Cystic Fibrosis
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Cystic Fibrosis

Cystic Fibrosis Causes

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What causes cystic fibrosis?

Cystic fibrosis is an inherited disease caused by mutation in a gene called the cystic fibrosis transmembrane conductance regulator (CFTR) gene. The CFTR gene provides instructions for the CFTR protein. The CFTR protein is located in every organ of the body that makes mucus, including the lungs, liver, pancreas, and intestines, as well as sweat glands. The CFTR protein has also been found in other cells in the body, such as cells of the heart and the immune system. The mutations in the CFTR gene cause the CFTR protein to not work properly. This causes thick, sticky mucus and blockages in the lungs and digestive system.

Normally, mucus coats tiny hair-like structures called cilia in the airways of your lungs, which sweep the mucus particles up to the nose and mouth where your body can get rid of them. In people who have cystic fibrosis, this process does not work properly. Learn more in our How the Lungs Work Health Topic.

What gene mutations cause cystic fibrosis?

There are almost 2,000 known disease-causing mutations of the CFTR gene. Different mutations have different effects on how the CFTR protein is made and how it works. In the most common gene mutation, part of the CFTR gene is missing, resulting in a protein that does not work properly.

Normally, the CFTR protein controls the movement of ions from inside the cell to outside the cell. In people who have cystic fibrosis, the mutated gene causes the protein to not work properly, which, in turn, affects the movement of sodium and water. When this happens, the sweat glands make sweat that is saltier than it is in people who do not have cystic fibrosis. To diagnose cystic fibrosis, your doctor will assess your symptoms and recommend some tests, including a sweat test for high sweat chloride. Also, there is less water in the mucus, which makes the mucus thick and sticky. The thick mucus creates blockages in the lungs and digestive system.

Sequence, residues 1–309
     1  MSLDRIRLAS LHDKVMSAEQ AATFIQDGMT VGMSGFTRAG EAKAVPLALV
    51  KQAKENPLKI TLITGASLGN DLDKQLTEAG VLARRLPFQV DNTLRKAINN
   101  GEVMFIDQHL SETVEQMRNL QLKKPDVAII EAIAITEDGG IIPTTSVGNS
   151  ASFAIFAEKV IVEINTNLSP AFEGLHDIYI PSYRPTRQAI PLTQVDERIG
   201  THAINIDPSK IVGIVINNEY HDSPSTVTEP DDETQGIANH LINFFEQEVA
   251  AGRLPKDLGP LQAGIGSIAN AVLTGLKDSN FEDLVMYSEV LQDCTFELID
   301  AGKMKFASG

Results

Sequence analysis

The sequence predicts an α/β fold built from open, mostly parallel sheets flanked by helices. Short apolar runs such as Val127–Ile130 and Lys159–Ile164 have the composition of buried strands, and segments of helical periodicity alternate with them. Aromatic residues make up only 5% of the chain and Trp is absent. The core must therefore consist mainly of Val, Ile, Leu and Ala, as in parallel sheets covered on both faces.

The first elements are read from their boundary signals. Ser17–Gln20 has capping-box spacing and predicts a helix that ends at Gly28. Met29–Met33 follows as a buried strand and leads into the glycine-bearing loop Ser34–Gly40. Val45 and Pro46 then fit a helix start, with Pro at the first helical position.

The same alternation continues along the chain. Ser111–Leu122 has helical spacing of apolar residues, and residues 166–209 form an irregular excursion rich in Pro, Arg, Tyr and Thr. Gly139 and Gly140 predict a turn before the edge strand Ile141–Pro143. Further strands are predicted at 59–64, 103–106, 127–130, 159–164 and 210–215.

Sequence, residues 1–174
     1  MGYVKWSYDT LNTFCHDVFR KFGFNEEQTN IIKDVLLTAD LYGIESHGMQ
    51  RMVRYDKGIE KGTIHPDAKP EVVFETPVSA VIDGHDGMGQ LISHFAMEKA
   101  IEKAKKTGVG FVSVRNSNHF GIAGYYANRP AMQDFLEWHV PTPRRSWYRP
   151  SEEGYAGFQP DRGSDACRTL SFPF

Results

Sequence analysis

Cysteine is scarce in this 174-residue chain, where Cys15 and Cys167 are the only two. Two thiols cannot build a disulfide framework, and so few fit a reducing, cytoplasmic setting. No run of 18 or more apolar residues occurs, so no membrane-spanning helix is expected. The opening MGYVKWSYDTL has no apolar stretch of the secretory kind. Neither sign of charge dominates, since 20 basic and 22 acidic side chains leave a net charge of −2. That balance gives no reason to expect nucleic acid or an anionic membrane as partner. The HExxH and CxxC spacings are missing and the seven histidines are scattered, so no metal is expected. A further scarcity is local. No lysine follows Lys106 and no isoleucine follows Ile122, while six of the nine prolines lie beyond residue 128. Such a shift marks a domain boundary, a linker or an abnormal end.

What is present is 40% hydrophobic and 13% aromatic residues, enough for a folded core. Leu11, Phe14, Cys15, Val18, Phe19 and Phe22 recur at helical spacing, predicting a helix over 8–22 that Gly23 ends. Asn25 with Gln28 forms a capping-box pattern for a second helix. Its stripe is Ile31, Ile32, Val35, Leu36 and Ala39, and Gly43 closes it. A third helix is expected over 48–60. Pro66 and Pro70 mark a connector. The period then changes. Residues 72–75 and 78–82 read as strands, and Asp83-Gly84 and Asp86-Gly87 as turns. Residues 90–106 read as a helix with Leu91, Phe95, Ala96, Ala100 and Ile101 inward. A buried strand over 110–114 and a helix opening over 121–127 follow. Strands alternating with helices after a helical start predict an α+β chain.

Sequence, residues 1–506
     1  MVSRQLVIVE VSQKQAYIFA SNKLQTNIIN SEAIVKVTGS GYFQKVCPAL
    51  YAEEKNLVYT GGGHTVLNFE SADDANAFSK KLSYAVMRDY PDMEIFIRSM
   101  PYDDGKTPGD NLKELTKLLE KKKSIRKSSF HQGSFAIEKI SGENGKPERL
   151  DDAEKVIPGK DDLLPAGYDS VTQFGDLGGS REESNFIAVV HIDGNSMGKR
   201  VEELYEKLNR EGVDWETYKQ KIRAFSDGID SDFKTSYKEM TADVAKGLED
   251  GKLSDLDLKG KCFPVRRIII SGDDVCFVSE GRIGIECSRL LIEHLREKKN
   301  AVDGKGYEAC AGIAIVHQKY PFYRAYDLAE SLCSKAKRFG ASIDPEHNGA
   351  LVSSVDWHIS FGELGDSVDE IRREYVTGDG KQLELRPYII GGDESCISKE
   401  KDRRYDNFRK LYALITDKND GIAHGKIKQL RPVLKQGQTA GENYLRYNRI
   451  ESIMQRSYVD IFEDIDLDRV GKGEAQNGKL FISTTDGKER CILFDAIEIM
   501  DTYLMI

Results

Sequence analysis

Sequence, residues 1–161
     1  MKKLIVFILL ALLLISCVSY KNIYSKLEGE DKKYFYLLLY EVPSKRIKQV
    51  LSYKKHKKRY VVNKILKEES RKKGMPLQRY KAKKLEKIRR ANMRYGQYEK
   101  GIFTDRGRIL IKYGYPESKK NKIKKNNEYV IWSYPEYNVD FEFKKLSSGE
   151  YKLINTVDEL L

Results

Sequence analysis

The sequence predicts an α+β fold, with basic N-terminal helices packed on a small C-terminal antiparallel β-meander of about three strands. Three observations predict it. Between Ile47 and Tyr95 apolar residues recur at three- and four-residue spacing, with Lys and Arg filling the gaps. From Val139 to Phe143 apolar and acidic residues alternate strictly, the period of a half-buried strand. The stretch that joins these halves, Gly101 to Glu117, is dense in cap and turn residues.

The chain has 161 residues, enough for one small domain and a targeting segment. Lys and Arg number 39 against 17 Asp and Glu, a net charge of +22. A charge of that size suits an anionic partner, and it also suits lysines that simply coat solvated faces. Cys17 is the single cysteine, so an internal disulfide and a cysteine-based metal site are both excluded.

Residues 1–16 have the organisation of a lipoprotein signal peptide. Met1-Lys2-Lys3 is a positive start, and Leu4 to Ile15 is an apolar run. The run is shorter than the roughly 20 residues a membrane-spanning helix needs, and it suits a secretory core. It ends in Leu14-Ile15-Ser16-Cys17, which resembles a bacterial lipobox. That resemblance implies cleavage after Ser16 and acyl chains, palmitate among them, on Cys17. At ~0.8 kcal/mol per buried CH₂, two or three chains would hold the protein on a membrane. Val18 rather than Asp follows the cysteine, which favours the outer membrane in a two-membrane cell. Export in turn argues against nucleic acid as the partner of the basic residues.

How is cystic fibrosis inherited?

Every person inherits two CFTR genes, one gene from each parent. Children who inherit a CFTR gene with a mutation from both parents will have cystic fibrosis. When a mutated CFTR gene is inherited from only one parent and a normal CFTR gene is inherited from the other, the person will be a cystic fibrosis carrier. CF carriers are generally healthy, but they can pass the mutated CFTR gene on to their children.

The image below shows how two parents who are both CF carriers can pass a CFTR gene mutation on to their children.

Inheritance pattern for cystic fibrosis

A person inherits two copies of the CFTR gene, one from each parent. If each parent has a normal CFTR gene and a mutated CFTR gene, each child has a 25% chance of inheriting two normal genes, a 50% chance of inheriting one normal gene and one gene with a mutation and being a cystic fibrosis carrier, and a 25% chance of inheriting two genes with mutations and having cystic fibrosis.

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